The 10 Responsibilities of a Leader... a Parent or Grandparent

By Susan Ford Collins

As the stages of life advance, the stages of our responsiblities advance too. From taking care of ourselves, to taking care of our spouses and businesses, to most exciting and most challenging of all... taking care of our children and our children's children. What is expected of us then?

First, we are responsible for being trustworthy leaders, for allowing those who follow us to have confidence in us until we can help build their self-confidence. We are responsible for keeping them safe and educating them until they can take over these responsibilities themselves.

Second, we need to sense when those who follow us need more freedom, when they’re ready for more independence. We must sense when to shift from acknowledging compliance to our rules, to acknowledging their production and competition, their creativity and innovation. And teaching them how to acknowledge themselves.

Third, we need to assist our children as they begin dreaming their own  dreams—pre-experiencing desired outcomes with them and assisting them in finding appropriate methods for completing them.

Fourth, we need to communicate patiently and skillfully, making it safe for them to share likes and dislikes, choices and preferences—handling their “infant dreams like tiny precious butterflies.” By respecting their wishes now, we encourage them to respect others’ wishes in the future.

Fifth, we must provide the expertise they will need until we can find other experts to assist them, or they learn how to select experts on their own.

Sixth, we are responsible for updating their fears and disappointments, for learning how to do this ourselves or finding experts who can. We need to regularly update old rules and limits we’ve set for them, helping to expand their Safe Zone and contract their Danger Zone. Opening the door to The Potential Zone, the zone where they will create our future as well.

Seventh, we need to hold their outcomes with them, especially when they don't have the foggiest idea what to do next, when they get discouraged or fall into the depths of impossibility. We need to cheer them all the way to completion and greater self-confidence.

Eighth, we are responsible for shielding their dreams from the cold drafts and scorching heat of others’ disagreement. We need to say things they will need to say to themselves. Yes, you can.(Yes, I can.) You need to think of another way. (I need to think of another way.) Or, let's hold this dream together until we can find co-dreamers who will nurture it with us.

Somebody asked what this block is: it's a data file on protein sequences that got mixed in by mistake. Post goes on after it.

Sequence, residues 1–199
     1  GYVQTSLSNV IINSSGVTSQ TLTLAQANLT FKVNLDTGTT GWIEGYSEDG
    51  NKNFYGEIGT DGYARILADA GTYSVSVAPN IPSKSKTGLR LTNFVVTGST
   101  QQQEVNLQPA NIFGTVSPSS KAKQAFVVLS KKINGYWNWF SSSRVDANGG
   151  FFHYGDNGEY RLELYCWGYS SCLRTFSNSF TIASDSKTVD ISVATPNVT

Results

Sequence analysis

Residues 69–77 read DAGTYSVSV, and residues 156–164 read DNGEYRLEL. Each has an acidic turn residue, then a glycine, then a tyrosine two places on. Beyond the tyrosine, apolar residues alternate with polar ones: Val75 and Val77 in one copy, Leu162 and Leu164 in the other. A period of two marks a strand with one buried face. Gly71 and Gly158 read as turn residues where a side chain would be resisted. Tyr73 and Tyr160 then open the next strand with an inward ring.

Ninth, we are responsible for switching negative thoughts to positive ones. I know you feel you can't, but I know you can. What do you really want? How will you feel when you've completed it? What difference will it make in your life, and others’ lives? Even when they’re frustrated or disappointed in us, we need to encourage them to keep asking for what they want from us, and from others.

Tenth, as leaders, we are responsible for maintaining our health and balance—monitoring our food and exercise and the effect it is having on us, on our moods and emotions, so they will know how to maintain their balance as well. We need to remember… we are leading by example 24/7.

And, of course, we need to extend the same care and sensitivity to our followers at work and in the world.

(c) Susan Ford Collins. For permission to use this article, email

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Your Working Life: Caroline Dowd-Higgins interviews Susan Ford Collins

But I’m Not Exactly Sure How

By Susan Ford Collins

An unexpected phone call stopped me in my tracks. The sound of my friend John’s voice immediately told me he was upset. What’s wrong? I asked. “My life is in chaos and I am calling to ask if I can stay with you till I get reoriented.” And of course, I said yes.

Once John settled in, he started going on morning walks with me so we could have some quiet time to talk. Around seven each morning, we hitched up my dogs, Mica and Mango, and headed out the gate. Within a few steps John started asking questions… not ordinary questions but big profound ones like… “I’m trying to figure out how to keep moving ahead in my life, but I’m not exactly sure what to do next.”

And I replied… first of all, let’s look at the word exactly in more detail. Because you are never going to know exactly in advance, any more than a farmer sowing a field of wheat knows exactly which grains will land on rock and which will fall upon rich soil, germinate and thrive. But if that farmer throws enough seeds, he knows some will prosper.

Exactly is about scarcity... I only have one seed and I have to make sure I put it in the right place, at the right time, in the right way. Well, that sounds plausible and prudent, but it simply isn’t ever possible to know exactly... in advance. When I talk to people who have been successful at realizing dreams, at leading successful families or building large companies, they laugh and chuckle when I ask them if they knew how to get there in advance.